In a bid to address ‘bogus’ self-employment practices - said to be reducing the tax take and inflating the benefits bill - the Work and Pensions Committee is calling on the next government to introduce an employment status of ‘worker’ and a plan for equalising the National Insurance contributions (NICs) made by employees and the self-employed.
The recommendations have come after the committee’s inquiry into ‘gig economy’ companies such as Uber, Amazon, Hermes and Deliveroo and from drivers who work with them, which had to be cut back due to the upcoming election.
The published report from the Committee states it wants the next government to tackle the ‘myth of self-employment’ and the loopholes surrounding it, warning of substantial tax losses to the public purse, potentially increasing the strain on the welfare state. There are also concerns that workers are at risk from exploitation and poor working conditions. The report denied arguments from MPs that gig economy companies promote the idea that flexible employment is contingent on self-employed status, stating that this ‘is a fiction’.
Frank Field, Chair of the Work and Pensions Committee, spoke of a need for the Government to close loopholes as part of a “necessary and wide ranging reform to the regulation of corporate behaviour” as it is “clearly profit and profit only that is the motive for designating workers as self-employed.”
Mr Field believes that “companies get all the benefits, while workers take on all the risks and the state will be expected to pick up the tab, with little contribution from the companies involved.”
Self-employed people contribute less but receive almost equal access to all the services funded by the NI as employees with the introduction of the new state pension. Field’s concerns are that companies are “free-riding on the welfare state” adding that they avoid their responsibilities “to profit from this bogus ‘self-employed’ designation” while ordinary tax-payers pick up the tab.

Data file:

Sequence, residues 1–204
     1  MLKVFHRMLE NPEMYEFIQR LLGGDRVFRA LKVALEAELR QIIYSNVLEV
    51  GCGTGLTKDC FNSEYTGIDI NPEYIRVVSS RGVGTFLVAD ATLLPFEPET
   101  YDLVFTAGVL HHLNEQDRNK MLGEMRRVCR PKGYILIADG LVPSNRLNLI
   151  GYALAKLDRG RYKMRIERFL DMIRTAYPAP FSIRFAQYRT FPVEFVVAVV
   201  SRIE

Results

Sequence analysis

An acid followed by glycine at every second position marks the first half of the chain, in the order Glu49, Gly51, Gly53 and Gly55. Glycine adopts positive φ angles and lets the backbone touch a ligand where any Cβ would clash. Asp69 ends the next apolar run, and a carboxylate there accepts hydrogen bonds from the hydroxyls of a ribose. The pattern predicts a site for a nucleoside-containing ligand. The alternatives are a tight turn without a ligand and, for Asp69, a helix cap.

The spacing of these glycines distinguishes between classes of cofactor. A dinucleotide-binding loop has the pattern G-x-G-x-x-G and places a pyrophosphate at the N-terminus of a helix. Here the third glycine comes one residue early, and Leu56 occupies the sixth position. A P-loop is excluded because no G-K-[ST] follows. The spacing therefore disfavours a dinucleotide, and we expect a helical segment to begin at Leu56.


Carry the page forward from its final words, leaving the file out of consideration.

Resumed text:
“This inquiry has convinced me of the need to offer ‘worker’ status to the drivers who work with those companies as the default option,” added Field.
“This status would be a much fairer reflection of the work they undertake which seems to fall between what most of us would think of as ‘self-employed’ or ‘employed’.”
An Uber spokesman said: “Almost all taxi and private hire drivers in the UK have been self-employed for decades and with Uber they have more control over what they do. The vast majority of drivers who use Uber tell us they want to remain their own boss as that’s the main reason why they signed up to us in the first place."
But Mr Field stated Uber's plans were "just another way of pushing costs onto the workforce".
The inquiry follows an employment tribunal ruling last year that found Uber drivers were wrongly classified as self-employed and should be classed as workers. The committee previously found many gig economy contracts to be ‘unintelligible’ and contain questionable clauses such as agreeing not to challenge their self-employed status in court.
By adopting a default status of ‘worker’, rather than ‘self-employed’, the committee believes companies would have to provide basic safety net standards of rights and benefits to their workers and present a case for not doing so, shifting the burden of proof of employment status onto the company rather than the individual.